When I was accepted to graduate school in Vermont, the reaction I received from a number of people was something along the lines of, “Vermont! Such a literary state.” This pleased me greatly, and Book Riot has certainly covered Vermont’s general literary-ness in the past. But since I spent a great deal of time in Montpelier specifically, and it’s one of my favorite places, I think a closer look is warranted.
Montpelier is the smallest state capital in the country, but it is not short on charm. Downtown is full of historic buildings and fun shops, great restaurants, pocket parks and perfectly situated benches that make for excellent outdoor reading and people watching. It also has many excellent, Instagram-worthy views of the surrounding green hills and tons of great architecture that makes it a fun place to explore.
Bear Pond Books, 77 Main Street
In nice weather, Bear Pond Books puts out tables of bargain books outside their adorable storefront that work as a highly effective siren call to book lovers everywhere. It only gets better inside. Bear Pond is on the smaller side, but they make very efficient use of their space. The creaky wooden floors and tall stacks make you feel like you might stumble upon a secret passage somewhere. They carry a wide range of genres and subjects, in addition to a large stationery section and excellent bookish gear and sidelines (the Bear Pond Books t-shirts are hard to resist!). The sunny second level is all children’s books, from picture books to YA, and it is also home to a tortoise named Veruca. The stock is mostly new, but you can identify some excellent used books (always in great condition!) nestled on the shelves by little blue stickers on the spines.
The Book Garden, 50 State St.
Just a couple of blocks from Bear Pond is another great independent bookstore. While the stock is predominantly nonfiction, they also carry an impressive selection of graphic novels, both for adults and kids—the best I’ve ever seen in any independent bookstore. I was able to stock up on some favorite series and I discovered a lot of great new books. The Book Garden also sells games and hosts gaming events. Honestly, what’s not to love about a town with two indie bookstores?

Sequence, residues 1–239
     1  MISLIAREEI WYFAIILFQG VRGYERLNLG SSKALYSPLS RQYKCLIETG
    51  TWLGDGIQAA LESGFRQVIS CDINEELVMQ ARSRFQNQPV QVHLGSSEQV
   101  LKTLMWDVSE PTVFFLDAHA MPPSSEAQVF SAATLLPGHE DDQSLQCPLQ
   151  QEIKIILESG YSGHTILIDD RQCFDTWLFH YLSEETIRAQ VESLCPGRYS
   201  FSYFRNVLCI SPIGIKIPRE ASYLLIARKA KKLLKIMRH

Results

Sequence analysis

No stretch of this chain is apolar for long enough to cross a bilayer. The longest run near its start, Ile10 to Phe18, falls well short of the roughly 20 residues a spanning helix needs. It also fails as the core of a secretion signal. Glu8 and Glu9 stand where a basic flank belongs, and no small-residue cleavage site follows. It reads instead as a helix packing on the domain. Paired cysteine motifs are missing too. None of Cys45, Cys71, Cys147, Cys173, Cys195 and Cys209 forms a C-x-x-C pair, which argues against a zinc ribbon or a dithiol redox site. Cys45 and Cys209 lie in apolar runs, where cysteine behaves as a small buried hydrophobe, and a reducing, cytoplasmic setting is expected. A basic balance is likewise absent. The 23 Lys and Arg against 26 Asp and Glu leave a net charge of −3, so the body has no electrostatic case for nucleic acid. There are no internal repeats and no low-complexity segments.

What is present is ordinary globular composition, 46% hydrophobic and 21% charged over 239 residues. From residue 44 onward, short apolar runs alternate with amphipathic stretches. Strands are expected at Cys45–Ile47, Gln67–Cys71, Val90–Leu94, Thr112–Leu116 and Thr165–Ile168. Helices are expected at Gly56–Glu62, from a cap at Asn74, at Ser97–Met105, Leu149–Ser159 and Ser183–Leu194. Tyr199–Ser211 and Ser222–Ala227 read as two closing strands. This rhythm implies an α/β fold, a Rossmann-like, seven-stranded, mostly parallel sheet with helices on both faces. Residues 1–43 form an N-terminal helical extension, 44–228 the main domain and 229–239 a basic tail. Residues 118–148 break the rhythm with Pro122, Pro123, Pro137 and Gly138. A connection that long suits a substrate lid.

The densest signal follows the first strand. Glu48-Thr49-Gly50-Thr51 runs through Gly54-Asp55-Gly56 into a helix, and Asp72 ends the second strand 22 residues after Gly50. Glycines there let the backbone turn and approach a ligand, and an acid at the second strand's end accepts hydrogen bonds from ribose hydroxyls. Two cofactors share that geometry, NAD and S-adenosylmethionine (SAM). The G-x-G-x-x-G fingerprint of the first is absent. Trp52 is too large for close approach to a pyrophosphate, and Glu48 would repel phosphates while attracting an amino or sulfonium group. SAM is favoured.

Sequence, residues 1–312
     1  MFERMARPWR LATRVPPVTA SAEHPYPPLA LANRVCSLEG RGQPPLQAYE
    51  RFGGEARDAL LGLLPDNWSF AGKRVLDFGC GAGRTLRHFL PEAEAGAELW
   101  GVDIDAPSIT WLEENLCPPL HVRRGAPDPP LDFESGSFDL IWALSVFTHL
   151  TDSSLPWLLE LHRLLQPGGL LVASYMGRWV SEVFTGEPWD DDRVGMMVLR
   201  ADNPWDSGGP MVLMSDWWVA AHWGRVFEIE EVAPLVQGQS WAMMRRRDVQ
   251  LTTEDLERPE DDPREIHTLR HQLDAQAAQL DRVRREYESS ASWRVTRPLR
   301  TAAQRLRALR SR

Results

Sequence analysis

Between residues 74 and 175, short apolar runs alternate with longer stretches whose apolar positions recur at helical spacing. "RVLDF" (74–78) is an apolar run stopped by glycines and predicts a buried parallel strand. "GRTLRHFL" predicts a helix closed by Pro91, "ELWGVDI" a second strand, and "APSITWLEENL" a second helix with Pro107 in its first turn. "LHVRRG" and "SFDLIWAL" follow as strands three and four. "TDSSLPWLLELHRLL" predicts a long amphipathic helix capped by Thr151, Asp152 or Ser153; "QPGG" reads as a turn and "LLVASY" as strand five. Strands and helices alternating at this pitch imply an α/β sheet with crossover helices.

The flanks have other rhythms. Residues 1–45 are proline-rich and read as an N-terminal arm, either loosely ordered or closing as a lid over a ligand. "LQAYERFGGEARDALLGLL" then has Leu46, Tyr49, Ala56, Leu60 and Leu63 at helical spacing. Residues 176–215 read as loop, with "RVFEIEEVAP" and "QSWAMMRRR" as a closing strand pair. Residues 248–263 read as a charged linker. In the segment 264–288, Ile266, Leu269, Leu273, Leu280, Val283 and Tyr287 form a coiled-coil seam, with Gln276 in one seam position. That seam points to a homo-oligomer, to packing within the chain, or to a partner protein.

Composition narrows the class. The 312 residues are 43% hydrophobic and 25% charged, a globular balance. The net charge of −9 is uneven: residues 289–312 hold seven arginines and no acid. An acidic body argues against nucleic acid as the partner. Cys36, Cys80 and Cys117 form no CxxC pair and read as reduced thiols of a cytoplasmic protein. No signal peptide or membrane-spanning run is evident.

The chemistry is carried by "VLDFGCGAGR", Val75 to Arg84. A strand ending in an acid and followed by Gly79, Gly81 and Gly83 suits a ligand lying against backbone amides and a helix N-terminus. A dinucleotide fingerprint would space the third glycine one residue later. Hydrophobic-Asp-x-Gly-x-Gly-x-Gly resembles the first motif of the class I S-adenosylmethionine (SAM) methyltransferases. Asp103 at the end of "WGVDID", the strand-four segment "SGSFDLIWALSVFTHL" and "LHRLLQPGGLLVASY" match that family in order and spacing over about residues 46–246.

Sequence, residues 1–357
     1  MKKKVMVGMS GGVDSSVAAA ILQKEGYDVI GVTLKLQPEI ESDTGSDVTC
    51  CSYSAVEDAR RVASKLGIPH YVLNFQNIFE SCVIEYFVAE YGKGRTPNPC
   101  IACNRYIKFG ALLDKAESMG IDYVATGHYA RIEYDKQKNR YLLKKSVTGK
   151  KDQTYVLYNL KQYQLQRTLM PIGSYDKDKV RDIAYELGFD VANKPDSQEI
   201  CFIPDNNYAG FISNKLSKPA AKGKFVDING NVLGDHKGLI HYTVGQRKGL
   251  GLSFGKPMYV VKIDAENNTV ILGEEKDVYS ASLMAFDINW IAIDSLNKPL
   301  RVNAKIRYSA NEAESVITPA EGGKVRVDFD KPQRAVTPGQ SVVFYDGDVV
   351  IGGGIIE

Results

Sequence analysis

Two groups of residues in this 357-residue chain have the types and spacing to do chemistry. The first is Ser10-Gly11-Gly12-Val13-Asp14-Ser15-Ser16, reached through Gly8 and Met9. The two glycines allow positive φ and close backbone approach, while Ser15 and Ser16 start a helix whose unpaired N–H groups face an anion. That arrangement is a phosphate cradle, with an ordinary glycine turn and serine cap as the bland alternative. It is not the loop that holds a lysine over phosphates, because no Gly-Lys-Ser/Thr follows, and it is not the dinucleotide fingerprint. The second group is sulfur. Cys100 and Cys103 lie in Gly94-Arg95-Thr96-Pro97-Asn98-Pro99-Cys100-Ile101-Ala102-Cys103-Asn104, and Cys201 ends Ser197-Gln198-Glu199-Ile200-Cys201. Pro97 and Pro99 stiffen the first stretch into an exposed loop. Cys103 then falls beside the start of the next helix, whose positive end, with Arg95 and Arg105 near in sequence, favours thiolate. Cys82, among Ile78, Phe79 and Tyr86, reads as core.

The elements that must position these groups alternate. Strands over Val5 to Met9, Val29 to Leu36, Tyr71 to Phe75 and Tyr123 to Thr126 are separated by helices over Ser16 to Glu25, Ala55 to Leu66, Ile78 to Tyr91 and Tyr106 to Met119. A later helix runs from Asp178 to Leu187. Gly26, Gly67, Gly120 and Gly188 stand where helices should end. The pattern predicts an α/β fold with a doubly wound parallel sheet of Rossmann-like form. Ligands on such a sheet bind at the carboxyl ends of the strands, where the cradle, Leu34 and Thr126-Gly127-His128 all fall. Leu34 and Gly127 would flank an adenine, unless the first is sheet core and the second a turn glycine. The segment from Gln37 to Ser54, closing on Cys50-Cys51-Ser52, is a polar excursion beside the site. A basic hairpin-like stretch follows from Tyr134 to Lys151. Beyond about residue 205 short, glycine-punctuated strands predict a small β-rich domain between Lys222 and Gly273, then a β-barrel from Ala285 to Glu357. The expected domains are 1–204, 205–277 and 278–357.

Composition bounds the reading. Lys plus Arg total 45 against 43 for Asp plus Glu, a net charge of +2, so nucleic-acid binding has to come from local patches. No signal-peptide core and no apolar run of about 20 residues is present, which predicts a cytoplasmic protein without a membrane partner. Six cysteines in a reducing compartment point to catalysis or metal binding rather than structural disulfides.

Vermont College of Fine Arts, 36 College Street
About a five minute walk from downtown (and up a very large hill) is the historic campus of Vermont College of Fine Arts, my alma mater. Because the college is home to many graduate fine arts programs, there’s a good chance that if you check the events calendar, you’ll find a bookish event that’s open to the public. Recent author events include readings and signings with Alison Bechdel and Maggie Stiefvater. VCFA is also the home of the Vermont Book Award, and each September they host a gala to announce the winner of the award. If you’re going to be in town that week, you can purchase tickets and attend the event!
Even if you can’t catch an event while you’re in Montpelier, the campus is very pretty and feels like something out of The Dead Poet’s Society. You can pick up a self-guided walking tour pamphlet in the bookstore on the first floor of College Hall, and soak up the literary vibe by walking around the campus green, which also serves as a public park.
Montpelier boasts two libraries in cool historic buildings. The Kellogg-Hubbard Library is the city’s public library, and it’s housed in a very cool 19th century building on Main Street, just on the edge of downtown. Gary Library was built in 1934 and is a part of the Vermont College of Fine Arts campus. Because it serves the college, it’s open by appointment only during non-residency periods, but it’s still a beautiful little building and worth walking by.
Montpelier has a really fun, creative vibe that just makes me so happy every time I visit. I recommend rounding out your bookish trip with visits to the gold-domed capitol building, the Skinny Pancake for crepes, Morse Farm Sugarworks for a maple creemee (maple flavored soft-serve for those not in the know). If you need more ice cream, the Ben and Jerry’s factory is just a short-ish drive away, and they offer factory tours with samples. (And for those of you protesting that ice cream isn’t bookish, I give you this book and ice cream pairing guide.) Is there anything I’ve missed? Share in the comments!